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Will movies now be made this way?

By Lindsay Pereira
September 17, 2004 15:19 IST
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Gwyneth Paltrow, Jude Law in Sky CaptainUntil fairly recently, Kerry Conran was the kind of quiet, geeky engineer you probably have at your office.

For over a decade, he held temporary jobs at a number of publications, lived in a small apartment and earned a small amount of money.

But that was before he decided to change the way we watch movies.

With the release of Sky Captain And The World Of Tomorrow this week, the world can see what Conran has created. It is something the writer-director began thinking about when he was 10 -- an original, fantastic piece of work set in 1939, starring Jude Law as the Sky Captain, Gwyneth Paltrow as the reporter Polly Perkins and Angelina Jolie as the eye-patched Franky Cook.

Apart from the actors, nothing in the film exists!

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Everything you see in the film has been created using a computer. There are no sets or locations. Everything exists on a hard drive alone. It has all been put together using a combination of paintings, animation and photographs.

While most films take around three months to complete, these actors spent a mere 26 days, acting against a blue backdrop. The background was filled in later.

Conran believes his techniques will usher in what he calls 'a renaissance of independent filmmaking.'

The only thing that can limit future filmmakers, he believes, will be their imaginations. All for a fraction of what it currently costs, too. Needless to say, thanks to the economics, studios won't be as cautious as they currently are, making it simpler for filmmakers to take all kinds of chances without burning their fingers financially.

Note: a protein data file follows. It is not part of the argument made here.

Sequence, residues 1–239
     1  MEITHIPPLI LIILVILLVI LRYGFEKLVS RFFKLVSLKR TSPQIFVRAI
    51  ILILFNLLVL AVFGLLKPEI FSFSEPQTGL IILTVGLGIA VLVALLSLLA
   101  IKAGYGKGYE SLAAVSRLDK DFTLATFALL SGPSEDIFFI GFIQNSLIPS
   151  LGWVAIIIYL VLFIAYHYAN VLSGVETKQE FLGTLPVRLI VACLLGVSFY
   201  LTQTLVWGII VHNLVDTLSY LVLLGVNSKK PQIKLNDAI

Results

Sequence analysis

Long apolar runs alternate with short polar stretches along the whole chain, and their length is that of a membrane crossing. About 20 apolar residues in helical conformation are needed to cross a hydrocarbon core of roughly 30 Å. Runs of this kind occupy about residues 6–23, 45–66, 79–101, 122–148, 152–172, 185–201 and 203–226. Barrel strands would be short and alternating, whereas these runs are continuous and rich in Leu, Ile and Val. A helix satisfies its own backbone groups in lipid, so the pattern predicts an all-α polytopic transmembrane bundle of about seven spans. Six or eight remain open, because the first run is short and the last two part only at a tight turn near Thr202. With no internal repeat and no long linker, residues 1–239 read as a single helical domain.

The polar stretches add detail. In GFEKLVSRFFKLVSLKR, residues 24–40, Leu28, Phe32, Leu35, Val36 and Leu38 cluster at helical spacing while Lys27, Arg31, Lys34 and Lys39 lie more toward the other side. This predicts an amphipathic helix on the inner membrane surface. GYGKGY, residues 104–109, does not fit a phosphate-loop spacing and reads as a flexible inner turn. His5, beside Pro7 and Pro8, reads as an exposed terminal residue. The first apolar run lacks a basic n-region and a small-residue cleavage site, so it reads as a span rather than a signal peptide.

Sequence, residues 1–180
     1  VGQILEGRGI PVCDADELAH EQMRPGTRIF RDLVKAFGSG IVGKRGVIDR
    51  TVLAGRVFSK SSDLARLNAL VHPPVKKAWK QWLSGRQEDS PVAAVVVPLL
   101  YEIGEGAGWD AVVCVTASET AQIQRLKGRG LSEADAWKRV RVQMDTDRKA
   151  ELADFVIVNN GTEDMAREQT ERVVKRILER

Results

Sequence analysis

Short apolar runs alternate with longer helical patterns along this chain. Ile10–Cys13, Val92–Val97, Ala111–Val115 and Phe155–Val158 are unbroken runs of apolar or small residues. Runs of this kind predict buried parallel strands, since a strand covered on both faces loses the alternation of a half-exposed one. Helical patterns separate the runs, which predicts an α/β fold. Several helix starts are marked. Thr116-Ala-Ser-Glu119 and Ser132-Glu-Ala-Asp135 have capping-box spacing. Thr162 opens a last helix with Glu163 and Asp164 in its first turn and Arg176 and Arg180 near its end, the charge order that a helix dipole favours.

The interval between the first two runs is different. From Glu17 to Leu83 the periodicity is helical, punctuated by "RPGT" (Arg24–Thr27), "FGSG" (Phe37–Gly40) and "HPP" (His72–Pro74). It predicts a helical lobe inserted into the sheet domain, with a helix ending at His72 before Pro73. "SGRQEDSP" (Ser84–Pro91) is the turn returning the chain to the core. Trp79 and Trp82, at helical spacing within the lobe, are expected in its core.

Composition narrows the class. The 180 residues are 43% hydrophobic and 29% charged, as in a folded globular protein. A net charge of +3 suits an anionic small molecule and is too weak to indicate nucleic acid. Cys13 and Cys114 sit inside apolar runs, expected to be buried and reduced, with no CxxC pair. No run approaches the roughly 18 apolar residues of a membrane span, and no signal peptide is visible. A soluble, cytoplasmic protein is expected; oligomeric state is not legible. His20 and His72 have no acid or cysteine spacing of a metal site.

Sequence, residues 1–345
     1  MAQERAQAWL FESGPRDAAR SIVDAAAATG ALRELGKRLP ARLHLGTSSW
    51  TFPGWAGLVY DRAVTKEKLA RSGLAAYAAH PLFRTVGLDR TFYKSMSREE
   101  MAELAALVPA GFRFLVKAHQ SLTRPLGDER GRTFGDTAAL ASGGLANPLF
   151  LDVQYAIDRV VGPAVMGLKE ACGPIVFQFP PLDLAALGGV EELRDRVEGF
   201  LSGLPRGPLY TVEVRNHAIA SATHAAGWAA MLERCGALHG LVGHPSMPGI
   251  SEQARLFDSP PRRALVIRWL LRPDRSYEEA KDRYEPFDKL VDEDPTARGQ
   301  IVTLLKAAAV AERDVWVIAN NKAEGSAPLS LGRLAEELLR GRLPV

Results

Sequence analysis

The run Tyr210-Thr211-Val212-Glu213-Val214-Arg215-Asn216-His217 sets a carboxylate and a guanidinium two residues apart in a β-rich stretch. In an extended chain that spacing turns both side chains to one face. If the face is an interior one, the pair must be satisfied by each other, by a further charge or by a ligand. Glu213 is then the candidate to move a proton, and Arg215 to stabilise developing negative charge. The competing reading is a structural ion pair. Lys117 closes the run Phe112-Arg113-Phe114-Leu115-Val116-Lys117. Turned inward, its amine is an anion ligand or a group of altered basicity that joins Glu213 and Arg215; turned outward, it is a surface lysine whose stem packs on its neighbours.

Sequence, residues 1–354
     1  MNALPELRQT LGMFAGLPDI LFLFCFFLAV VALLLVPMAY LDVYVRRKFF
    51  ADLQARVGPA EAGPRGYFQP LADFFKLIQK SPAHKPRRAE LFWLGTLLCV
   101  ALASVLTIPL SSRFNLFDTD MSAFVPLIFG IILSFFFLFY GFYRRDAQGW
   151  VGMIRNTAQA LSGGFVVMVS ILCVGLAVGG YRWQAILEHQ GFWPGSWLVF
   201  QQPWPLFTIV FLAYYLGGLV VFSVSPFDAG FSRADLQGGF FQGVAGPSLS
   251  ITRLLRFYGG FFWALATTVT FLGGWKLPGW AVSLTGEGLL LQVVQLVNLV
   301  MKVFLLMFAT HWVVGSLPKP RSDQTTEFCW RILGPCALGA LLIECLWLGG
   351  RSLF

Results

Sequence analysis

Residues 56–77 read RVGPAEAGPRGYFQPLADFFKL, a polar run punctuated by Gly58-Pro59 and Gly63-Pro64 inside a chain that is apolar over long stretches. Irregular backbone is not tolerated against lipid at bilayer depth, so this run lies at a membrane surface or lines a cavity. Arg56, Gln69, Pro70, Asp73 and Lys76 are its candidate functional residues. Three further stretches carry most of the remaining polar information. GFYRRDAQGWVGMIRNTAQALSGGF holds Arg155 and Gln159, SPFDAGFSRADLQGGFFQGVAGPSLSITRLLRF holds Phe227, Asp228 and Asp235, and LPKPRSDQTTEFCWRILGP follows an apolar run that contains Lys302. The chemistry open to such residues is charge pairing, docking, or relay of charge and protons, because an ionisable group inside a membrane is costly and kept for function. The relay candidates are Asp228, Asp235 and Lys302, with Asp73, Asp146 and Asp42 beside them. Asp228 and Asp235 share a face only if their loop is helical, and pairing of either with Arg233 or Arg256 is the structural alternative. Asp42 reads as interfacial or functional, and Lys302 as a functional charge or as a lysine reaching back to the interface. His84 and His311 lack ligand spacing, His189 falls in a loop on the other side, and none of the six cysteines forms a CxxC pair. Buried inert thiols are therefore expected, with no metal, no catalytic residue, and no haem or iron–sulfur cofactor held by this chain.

So, how did this 38 year old come by three huge stars and a budget of $70 million?

Growing up in small-town America, Conran and his older brother KevinĀ -- who happens to be Sky Captain's production designer -- were enthralled by old movies like King Kong, Abbott And Costello Meet Frankenstein and The Wizard Of Oz. He realised they were awkward, but the fact that they were so amazing too is what drew him to them.

Conran soon joined CalArts, a filmmaking school in Los Angeles, and began thinking about making a movie entirely on a computer. Software was becoming more sophisticated, after all. After graduating, he began working on an early version of The World Of Tomorrow using a Macintosh IIci. Four years of hard work gave him six minutes of film.

Then, one night, a friend of a friend called Marsha Oglesby -- who also happened to be a Hollywood producer -- dropped in for dinner, saw the six minutes and was blown away.

She showed the movie to her boss, who showed it to Jude Law, who showed it to Paltrow. Italian producer Aurelio De Laurentiis was brought in, Paramount bought the domestic rights, and voila! filming began.

Conran and his crew had a rule: The only things real in the film would be the actors, costumes and any object they physically touched. After principal filming was completed in London, he and his illustrators could tweak every scene, introducing or removing anything they wanted.

'We would generate backgrounds, literally making paintings on glass canvas,' he recently told the Washington Post.

The young director is already working on his next script, based on Edgar Rice Burroughs's John Carter Of Mars series of pulp novels.

Filmmakers have been thinking about the novels for over 50 years. Going by his current record, chances are Conran might beat them to it.

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Lindsay Pereira